OLIVER: Tell me a little bit about Brian Pillman then.

STU: Brian, he was playing football. He was a pretty good football player. I think he was All-American out of Ohio … He was interested in wrestling and I had the privilege of breaking him in to wrestling. My son Bruce, he took to Bruce somehow or other. Bruce worked out with him a lot. Then Owen helped him a little bit. And Keith. He did well in wrestling here. I think he had a bad ankle, or something like that. Got hurt in football and was off for a while. Then he come over here and worked out with me. We got him the basic groundwork for wrestling with working out with Bruce then tagging up with Bruce. They were tag team partners together. Maybe one of the best tag team combinations. They were quite entertaining. They were, I think, champions here a couple of times.

OLIVER: How about another champion you had here in Stampede. Gil Hayes.

STU: Oh, Gil was a pretty good little performer. He was with Bob Sweetan, tagged up together. They were a pretty strong tag team, I think they may have been champions a time or two. Gil was might have been a little bit egotistical. He liked glory. He liked having his hand raised. Getting recognition meant more to him maybe than anything else.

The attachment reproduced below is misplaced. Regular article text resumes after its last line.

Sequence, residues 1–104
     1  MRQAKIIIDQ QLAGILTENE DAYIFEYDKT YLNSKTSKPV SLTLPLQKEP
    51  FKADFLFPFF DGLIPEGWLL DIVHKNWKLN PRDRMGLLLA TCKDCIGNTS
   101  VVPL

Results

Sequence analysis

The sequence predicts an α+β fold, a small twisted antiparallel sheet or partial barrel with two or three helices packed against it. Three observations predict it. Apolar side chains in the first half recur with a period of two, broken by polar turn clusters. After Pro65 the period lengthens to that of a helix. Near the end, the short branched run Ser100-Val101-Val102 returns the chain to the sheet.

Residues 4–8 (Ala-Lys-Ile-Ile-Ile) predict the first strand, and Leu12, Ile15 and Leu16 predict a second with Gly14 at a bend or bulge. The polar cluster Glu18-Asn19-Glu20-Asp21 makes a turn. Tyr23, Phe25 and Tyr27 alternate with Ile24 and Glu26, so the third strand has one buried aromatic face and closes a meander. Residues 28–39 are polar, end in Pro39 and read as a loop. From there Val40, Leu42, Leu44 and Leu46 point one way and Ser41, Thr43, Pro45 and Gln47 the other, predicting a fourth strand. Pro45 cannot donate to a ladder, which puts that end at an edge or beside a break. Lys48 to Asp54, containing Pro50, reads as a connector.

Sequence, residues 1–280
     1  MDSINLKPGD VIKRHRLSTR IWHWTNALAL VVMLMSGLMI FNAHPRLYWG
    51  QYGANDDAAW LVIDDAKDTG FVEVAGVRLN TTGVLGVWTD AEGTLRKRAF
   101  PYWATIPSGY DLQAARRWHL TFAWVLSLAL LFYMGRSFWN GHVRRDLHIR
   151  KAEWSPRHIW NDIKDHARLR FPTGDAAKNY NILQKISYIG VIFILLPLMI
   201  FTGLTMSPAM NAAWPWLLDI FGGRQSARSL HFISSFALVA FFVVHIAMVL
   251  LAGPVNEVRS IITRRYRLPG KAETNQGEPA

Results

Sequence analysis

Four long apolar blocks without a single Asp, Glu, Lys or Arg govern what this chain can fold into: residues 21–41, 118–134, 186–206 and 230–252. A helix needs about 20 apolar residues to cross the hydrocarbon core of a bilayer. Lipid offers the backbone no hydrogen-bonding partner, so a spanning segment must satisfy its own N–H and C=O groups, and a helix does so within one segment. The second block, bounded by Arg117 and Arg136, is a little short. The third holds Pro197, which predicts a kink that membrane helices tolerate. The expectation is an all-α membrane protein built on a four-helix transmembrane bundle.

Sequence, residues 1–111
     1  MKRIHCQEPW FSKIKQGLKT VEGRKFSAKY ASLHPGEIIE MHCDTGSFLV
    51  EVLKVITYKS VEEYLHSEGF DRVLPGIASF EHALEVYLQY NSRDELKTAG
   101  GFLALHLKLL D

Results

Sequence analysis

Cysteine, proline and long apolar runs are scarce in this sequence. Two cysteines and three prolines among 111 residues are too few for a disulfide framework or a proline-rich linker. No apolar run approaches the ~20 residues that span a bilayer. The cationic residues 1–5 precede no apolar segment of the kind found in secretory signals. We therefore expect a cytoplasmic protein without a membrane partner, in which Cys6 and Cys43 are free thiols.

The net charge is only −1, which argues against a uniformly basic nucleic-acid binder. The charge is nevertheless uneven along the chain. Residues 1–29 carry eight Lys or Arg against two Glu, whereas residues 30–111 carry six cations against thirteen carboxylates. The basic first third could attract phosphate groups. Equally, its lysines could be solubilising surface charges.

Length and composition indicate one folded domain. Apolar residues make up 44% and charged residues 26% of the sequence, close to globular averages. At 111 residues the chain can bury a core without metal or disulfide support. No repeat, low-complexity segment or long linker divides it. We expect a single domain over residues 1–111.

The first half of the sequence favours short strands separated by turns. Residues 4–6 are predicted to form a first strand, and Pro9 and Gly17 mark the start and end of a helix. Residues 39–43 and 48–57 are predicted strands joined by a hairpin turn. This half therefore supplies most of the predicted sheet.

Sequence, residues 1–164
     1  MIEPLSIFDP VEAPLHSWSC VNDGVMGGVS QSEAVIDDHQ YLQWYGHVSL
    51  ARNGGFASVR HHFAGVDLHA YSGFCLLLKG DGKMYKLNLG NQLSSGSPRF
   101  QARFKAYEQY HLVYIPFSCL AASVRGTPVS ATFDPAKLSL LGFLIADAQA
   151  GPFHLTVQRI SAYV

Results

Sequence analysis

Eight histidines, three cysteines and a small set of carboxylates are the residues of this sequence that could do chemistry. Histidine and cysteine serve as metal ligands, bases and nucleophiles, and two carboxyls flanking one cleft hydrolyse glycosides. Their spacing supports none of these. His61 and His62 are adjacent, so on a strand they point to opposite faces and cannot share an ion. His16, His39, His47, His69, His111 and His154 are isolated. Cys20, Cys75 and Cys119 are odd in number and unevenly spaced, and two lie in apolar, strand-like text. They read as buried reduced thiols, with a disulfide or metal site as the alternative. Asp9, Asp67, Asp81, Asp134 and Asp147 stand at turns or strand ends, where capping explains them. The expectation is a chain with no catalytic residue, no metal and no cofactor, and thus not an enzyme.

OLIVER: How about Don Leo Jonathan.

STU: Oh, Don Leo was one of my favorite men. That big man at 330 pounds could do a backflip and somersault and nip-ups like a cat. I’d hate to get mad at him at 330 pounds. He worked out a lot with this Luther Lindsay who was one of the top submission wrestlers at that time. Lindsay worked out a lot with Don Leo. Don Leo in Lindsay’s words, he didn’t know enough people who could get close enough to Don Leo Jonathon to even take him down. That at 330 pounds, 6’6″, one of the best big built men in the industry.

OLIVER: While we’re on the topic of big men, how about Andre the Giant.